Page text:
Auguste Renoir
en 1881
huile sur toile
H. 38 ; L. 47 cm avec cadre H. 59 ; L. 67 cm
© RMN-Grand Palais (Musée de l'Orangerie) / Hervé Lewandowski
Auguste Renoir (1841 - 1919)

Peaches and apples often provided inspiration for Renoir's still lifes. He painted this one in Normandy, near Dieppe, at the Château de Wargemont while he was staying with the Bérard family. The painting represents peaches in a white bowl, placed on a table covered with a white tablecloth. This Delftware bowl was typically used for meals in the Bérard household. It appears in several other still lifes that Renoir produced during this stay.
A peach that has escaped from the container acts as a counterpoint to the pyramid of fruit. The fruit bowl seems to be viewed in profile, while the table appears to be viewed from above. The painter has therefore introduced multiple viewpoints, but the viewer's gaze is caught by the peaches in the centre. Beneath the apparent simplicity, Renoir has paid great attention to the composition.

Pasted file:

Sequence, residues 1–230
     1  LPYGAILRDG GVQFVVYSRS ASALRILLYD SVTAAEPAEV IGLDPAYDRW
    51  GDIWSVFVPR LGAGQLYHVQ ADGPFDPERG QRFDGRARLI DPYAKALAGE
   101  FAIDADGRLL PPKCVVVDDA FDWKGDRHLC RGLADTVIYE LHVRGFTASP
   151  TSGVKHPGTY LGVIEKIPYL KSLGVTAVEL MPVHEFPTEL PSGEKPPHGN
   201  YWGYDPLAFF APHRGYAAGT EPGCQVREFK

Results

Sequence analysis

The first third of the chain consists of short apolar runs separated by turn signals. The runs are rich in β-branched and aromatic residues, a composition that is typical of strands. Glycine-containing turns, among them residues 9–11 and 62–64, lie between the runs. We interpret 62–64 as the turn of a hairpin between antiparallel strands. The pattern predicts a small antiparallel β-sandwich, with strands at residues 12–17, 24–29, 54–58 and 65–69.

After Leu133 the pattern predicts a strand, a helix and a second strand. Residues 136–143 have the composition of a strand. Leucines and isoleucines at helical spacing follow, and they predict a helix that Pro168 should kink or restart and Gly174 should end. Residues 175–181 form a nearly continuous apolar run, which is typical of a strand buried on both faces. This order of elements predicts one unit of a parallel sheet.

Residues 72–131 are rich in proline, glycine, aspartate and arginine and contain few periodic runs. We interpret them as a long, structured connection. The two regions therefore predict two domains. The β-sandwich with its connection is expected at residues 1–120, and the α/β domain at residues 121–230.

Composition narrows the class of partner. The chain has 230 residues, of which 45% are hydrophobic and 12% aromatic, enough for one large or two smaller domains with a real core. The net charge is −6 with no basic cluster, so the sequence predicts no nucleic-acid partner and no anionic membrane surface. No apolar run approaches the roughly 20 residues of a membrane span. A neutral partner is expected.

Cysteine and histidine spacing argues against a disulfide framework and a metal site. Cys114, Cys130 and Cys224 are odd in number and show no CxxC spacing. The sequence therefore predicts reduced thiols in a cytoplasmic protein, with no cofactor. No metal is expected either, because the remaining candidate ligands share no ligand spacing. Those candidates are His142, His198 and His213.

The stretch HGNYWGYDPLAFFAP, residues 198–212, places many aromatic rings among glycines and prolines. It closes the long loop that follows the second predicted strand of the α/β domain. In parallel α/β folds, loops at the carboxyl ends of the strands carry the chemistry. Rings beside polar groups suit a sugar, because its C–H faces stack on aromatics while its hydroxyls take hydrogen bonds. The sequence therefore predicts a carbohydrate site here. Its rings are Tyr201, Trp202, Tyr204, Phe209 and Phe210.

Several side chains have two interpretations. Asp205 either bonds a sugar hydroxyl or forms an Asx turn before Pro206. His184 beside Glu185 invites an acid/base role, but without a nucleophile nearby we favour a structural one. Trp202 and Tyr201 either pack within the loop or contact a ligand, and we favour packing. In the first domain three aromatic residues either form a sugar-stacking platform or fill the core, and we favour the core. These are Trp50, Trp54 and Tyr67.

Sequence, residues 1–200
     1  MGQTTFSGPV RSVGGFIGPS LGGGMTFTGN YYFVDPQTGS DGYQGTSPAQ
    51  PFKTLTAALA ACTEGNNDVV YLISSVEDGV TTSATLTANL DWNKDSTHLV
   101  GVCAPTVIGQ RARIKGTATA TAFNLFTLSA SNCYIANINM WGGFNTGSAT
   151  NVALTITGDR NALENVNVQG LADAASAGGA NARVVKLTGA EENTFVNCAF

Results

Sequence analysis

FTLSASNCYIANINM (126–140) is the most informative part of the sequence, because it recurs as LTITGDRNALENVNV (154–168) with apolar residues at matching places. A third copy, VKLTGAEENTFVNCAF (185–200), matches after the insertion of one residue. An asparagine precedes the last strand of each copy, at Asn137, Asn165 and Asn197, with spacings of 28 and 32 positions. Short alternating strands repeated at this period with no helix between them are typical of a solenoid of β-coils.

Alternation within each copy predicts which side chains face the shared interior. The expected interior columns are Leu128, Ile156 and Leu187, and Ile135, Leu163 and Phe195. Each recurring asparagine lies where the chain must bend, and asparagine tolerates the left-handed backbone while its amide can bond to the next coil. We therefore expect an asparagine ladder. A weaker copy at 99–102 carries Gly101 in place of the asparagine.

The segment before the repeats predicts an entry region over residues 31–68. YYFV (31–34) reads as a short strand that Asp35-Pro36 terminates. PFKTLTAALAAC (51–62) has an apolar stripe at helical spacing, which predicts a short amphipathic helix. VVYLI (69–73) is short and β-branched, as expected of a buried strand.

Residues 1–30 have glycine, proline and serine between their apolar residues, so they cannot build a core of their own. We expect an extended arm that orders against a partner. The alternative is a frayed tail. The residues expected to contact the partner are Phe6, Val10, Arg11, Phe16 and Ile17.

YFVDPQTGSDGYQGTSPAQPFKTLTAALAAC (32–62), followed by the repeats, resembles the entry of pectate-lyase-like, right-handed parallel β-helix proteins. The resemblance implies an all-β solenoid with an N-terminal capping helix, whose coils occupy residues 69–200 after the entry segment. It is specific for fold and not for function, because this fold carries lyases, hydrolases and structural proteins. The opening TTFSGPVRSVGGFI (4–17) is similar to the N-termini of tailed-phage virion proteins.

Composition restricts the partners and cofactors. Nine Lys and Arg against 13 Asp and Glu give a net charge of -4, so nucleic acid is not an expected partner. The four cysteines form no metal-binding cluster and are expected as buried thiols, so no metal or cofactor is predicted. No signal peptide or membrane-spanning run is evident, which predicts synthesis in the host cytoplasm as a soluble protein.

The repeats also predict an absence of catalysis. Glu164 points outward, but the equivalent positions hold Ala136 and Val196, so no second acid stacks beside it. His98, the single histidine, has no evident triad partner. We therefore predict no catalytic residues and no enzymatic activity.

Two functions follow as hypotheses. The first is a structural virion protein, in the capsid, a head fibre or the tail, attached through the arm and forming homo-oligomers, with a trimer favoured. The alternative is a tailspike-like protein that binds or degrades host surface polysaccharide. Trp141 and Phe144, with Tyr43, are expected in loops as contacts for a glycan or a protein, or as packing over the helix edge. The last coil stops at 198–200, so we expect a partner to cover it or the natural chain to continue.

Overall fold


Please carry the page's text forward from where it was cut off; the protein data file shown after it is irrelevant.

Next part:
The white of the tablecloth and the fruit bowl contrast with the pink tones of the peaches and the background: wallpaper, fabric, or tapestry with leaf patterns in tones of green, reddish-brown and blue. This background seems to form a veritable landscape. This delicious work acted as a new pretext for Renoir to work on shapes and colours.

Niveau -2, Salle 9 Renoir